Replacing rotten boards on the deck in 2013. All the staff chipped in to do the work.

When the city saw the deck that they had built on their own accord, they were not exactly pleased with the way that it was constructed, as it did not conform with fire code. Thus the crew had to go back and rebuild it with a special type of treated lumber that is meant to be fire retardant.

Through all of these initial challenges, the Charleston Pour House prevailed, and opened for business on Maybank Highway in August of 2005. There was still a lot to learn, but the beast had been awakened.

Taming the Beast

Longtime employee Mark Davis performing at the Pour House, long time ago. Featuring the original mural by Mciver Wells.

Every day, the goal for the Charleston Pour House was simply to open the doors and get the band on the stage. For Alex and Vanessa, this meant working around-the-clock, because in the beginning they couldn’t afford to hire enough people, and many of the people they did hire ended up not working out.

Vanessa would often cook in the restaurant all day, and then head over to the venue side and bartend until closing time. Alex became quite the handyman, making use of duct tape and other materials they had lying around to fix things and keep the train from running off the tracks.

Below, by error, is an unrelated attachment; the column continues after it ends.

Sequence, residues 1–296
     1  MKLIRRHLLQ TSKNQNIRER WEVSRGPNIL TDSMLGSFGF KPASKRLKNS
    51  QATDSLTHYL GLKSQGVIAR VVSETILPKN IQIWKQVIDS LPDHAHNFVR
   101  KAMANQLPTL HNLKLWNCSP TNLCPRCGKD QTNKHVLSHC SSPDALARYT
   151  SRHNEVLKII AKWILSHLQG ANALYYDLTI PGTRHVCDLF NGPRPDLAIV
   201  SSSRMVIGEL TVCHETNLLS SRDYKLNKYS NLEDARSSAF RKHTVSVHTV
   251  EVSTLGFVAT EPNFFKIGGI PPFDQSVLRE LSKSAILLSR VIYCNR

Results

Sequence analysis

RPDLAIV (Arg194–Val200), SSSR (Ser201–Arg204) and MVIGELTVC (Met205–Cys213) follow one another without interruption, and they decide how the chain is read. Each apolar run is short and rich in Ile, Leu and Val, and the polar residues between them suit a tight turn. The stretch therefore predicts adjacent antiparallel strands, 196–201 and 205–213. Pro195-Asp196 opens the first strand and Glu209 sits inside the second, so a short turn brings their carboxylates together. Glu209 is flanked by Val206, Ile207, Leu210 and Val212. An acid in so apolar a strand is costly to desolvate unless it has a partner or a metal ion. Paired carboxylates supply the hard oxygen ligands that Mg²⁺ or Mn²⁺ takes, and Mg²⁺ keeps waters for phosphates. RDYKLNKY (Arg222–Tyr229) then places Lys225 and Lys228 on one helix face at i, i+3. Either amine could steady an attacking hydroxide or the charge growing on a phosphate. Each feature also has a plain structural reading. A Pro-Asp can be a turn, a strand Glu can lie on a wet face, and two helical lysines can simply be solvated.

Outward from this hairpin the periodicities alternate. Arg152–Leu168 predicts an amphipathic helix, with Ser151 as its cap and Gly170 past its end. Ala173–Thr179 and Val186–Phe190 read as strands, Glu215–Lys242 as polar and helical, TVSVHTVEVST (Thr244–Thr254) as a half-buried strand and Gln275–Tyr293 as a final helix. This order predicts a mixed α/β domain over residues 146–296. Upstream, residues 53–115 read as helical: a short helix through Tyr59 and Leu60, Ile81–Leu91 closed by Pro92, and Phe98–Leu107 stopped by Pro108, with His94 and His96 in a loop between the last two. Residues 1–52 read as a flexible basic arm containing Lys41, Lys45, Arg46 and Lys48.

“You gotta open the doors,” Vanessa says.

“One time I had to remove a toilet because there was a five hour energy bottle at the very bottom, sideways where the toilet attached to the floor,” Alex says. “We had a jalapeño pepper clogging the urinal one time.”

Manager Tony Kowalski in 2018.

Alex remembers one night when he was bartending with longtime former employee Kim. They finished up a busy shift around four in the morning, and the final task was to take out the trash, because at the time James Island was handling their trash pickup.

“At the end, that was what we were doing at four in the morning,” Alex recalls. “And she looked at me, and we weren’t even talking, and she said ‘This place is a beast’. I said, ‘you’re goddamn right it is.’

Even with the staffing challenges, the music was playing, and people in town were becoming hip to what was going on at the Pour House. There was a crowd of regulars developing that continues to grow to this day, many of whom have become Pour House employees themselves.